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9 Ways To Make Your Characters More Compelling | Writer’s Relief



9 Ways To Make Your Characters More Compelling | Writer’s Relief

Whether you’re weaving together complex magic systems, sinister political schemes, a quirky meet-cute, or any other storyline, your narrative will fall flat without compelling characters. At Writer’s Relief, we’ve reviewed enough short stories and novels to know that compelling characters are those that have agency and dimension—they draw in your audience so that readers become invested in their decisions and future. Here are 9 ways to make your characters more compelling.

9 Ways To Create A More Compelling Character

Use fears, motivations, values, and goals: Your character is not a puppet that plays out the story you want to tell, but a being with agency who makes their own story. Be sure to fully flesh out your character with very real fears, motivations, values, and goals—all of which will determine how they act and react to events and other characters in your story.

Craft a good backstory: Your readers will become invested as they learn about your character’s past. This is a good opportunity to employ a well-crafted flashback or two. With this new knowledge, readers will become more interested in how your character moves forward.

Provide flaws and insecurities: Without any flaws, a character runs the risk of becoming a “Mary Sue”: a character who is too perfect and almost boring for lack of imperfections. Not only would these faultless characters seem inaccessible, but their inability to make mistakes could mean fewer plot twists for your story. A good, compelling character should be relatable and have flaws and insecurities.

Draw from personal experience: A story seems more realistic when it comes from somewhere familiar. Unless you’ve thoroughly researched the topic, you may have a hard time writing about a character nervously learning to scuba dive if you’ve never tried it yourself. But be careful about basing your characters on real people who might recognize themselves: You might start an argument at your next family gathering or offend your favorite eccentric barista.

Present a lie the character believes: This can be something heard from others or an untruth the character is personally convinced is true. A lie can add to your plot and determine what your character risks or gains in learning the truth: Is breaking the illusion good or bad for them? What would learning the truth mean? For example: If your character has been trained to blindly serve their government, what would it mean for them to learn they were actually working for a corrupt institution this whole time?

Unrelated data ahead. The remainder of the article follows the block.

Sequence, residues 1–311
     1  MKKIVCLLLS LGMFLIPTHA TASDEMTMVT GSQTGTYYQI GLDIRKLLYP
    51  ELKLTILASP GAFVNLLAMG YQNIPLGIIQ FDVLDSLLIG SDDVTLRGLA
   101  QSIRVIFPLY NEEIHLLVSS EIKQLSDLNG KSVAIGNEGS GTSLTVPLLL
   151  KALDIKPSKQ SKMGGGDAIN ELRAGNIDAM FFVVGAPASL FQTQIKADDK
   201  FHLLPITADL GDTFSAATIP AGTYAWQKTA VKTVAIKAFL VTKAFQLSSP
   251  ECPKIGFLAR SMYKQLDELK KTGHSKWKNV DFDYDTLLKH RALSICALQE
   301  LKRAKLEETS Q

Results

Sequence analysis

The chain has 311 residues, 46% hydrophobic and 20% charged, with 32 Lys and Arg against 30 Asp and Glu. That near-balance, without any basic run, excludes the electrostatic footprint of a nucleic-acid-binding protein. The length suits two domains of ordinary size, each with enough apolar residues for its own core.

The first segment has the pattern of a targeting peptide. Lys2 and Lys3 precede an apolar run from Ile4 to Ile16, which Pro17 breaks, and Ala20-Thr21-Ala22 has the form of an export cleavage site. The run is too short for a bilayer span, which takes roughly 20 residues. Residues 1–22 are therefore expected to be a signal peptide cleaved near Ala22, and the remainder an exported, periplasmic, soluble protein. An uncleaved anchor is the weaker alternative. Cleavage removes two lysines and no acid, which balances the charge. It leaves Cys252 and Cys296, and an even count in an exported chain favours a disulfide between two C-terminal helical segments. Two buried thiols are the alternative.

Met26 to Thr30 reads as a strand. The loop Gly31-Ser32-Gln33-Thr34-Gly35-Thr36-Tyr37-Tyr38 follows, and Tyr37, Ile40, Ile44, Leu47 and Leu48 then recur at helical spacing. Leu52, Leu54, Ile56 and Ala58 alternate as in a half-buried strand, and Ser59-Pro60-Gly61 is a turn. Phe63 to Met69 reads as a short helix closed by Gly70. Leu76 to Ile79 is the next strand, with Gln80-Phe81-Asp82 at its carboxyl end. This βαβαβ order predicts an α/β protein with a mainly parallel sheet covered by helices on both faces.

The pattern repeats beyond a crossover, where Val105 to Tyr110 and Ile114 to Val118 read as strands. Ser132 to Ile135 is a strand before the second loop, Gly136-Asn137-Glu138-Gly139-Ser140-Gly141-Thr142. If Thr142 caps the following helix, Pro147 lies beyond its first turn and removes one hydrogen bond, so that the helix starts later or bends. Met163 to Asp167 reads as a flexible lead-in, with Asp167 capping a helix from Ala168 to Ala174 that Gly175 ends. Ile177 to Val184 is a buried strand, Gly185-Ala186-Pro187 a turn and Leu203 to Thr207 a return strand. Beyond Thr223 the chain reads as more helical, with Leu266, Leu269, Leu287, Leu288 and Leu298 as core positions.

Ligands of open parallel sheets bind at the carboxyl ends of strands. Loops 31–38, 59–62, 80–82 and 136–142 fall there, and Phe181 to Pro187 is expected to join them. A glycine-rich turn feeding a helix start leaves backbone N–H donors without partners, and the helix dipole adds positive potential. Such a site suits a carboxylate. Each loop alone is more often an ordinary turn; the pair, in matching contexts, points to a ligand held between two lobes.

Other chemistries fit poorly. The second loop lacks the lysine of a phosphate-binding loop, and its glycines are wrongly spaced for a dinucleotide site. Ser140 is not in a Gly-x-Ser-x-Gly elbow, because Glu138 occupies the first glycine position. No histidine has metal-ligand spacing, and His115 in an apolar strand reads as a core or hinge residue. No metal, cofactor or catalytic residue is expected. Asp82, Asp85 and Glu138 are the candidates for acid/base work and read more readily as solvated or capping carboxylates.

Give the character a secret: Is there something your character is hiding? How would the plot, and the character, be affected if the secret was revealed? If your character is a superhero with a secret identity, what would it mean if their loved ones—or their enemies—discovered who they were? How determined is the character to keep the secret? Will their relationships suffer, and do they think it’s worth it?

Add conflict: Stress or conflict can give readers a better understanding of your character’s personality and backstory. For example, if you are writing an antagonist whose true colors haven’t yet been shown, you can give readers foreshadowing glimpses of their real temperament. A selfish streak may be exposed when the character is in an argument, or they may unexpectedly lash out when their ulterior motives are close to being exposed.

Show vulnerability: Superman has his kryptonite, and your character shouldn’t be invincible either. People who appear strong in real life also have weaknesses, so your characters should too. You might have an aloof CEO character who’s worried about the welfare of a scraggly stray kitten, or a battle-hardened warrior who is deathly afraid of butterflies.

Reveal wants and needs: What your character wants versus needs can add conflict and a plot twist to the story—especially if the wants and needs are at odds. For example, your character may need to leave a toxic relationship but wants to stay because they are convinced their partner is more caring than the evidence shows. And if your characters don’t know what they want, then their goal should be to find out what that is!

To make your characters more compelling, follow these writing tips to give them dimension and let them make decisions based on their own reasons. Compelling characters will make your story more interesting for your readers and keep them turning pages until the very end. When you’re ready to submit your short story to literary journals or a novel to literary agents, the experts at Writer’s Relief are here to help! Our research team will pinpoint the best markets for your work and boost your odds of getting published. And that’s a pretty compelling reason to learn more about our services and submit your work to our Review Board today.


Question: How would you create a compelling character?



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